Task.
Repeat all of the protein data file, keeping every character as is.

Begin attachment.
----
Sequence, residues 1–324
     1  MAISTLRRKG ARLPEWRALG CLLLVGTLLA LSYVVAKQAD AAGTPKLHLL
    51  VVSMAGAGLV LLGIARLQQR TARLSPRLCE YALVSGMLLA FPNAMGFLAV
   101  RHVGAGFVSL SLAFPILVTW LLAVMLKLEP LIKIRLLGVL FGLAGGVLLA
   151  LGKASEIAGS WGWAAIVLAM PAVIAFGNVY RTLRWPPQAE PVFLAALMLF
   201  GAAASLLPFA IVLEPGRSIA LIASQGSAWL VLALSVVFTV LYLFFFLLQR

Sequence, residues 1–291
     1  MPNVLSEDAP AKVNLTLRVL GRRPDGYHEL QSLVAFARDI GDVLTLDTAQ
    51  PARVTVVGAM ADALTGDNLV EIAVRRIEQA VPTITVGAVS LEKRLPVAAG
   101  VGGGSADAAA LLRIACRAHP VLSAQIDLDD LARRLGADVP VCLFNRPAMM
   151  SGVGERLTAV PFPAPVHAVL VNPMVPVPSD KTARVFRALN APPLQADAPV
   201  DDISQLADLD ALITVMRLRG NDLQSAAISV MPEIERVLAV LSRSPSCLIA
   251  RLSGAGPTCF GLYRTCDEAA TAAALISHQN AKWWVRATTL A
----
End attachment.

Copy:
Sequence, residues 1–324
     1  MAISTLRRKG ARLPEWRALG CLLLVGTLLA LSYVVAKQAD AAGTPKLHLL
    51  VVSMAGAGLV LLGIARLQQR TARLSPRLCE YALVSGMLLA FPNAMGFLAV
   101  RHVGAGFVSL SLAFPILVTW LLAVMLKLEP LIKIRLLGVL FGLAGGVLLA
   151  LGKASEIAGS WGWAAIVLAM PAVIAFGNVY RTLRWPPQAE PVFLAALMLF
   201  GAAASLLPFA IVLEPGRSIA LIASQGSAWL VLALSVVFTV LYLFFFLLQR

Sequence, residues 1–291
     1  MPNVLSEDAP AKVNLTLRVL GRRPDGYHEL QSLVAFARDI GDVLTLDTAQ
    51  PARVTVVGAM ADALTGDNLV EIAVRRIEQA VPTITVGAVS LEKRLPVAAG
   101  VGGGSADAAA LLRIACRAHP VLSAQIDLDD LARRLGADVP VCLFNRPAMM
   151  SGVGERLTAV PFPAPVHAVL VNPMVPVPSD KTARVFRALN APPLQADAPV
   201  DDISQLADLD ALITVMRLRG NDLQSAAISV MPEIERVLAV LSRSPSCLIA
   251  RLSGAGPTCF GLYRTCDEAA TAAALISHQN AKWWVRATTL A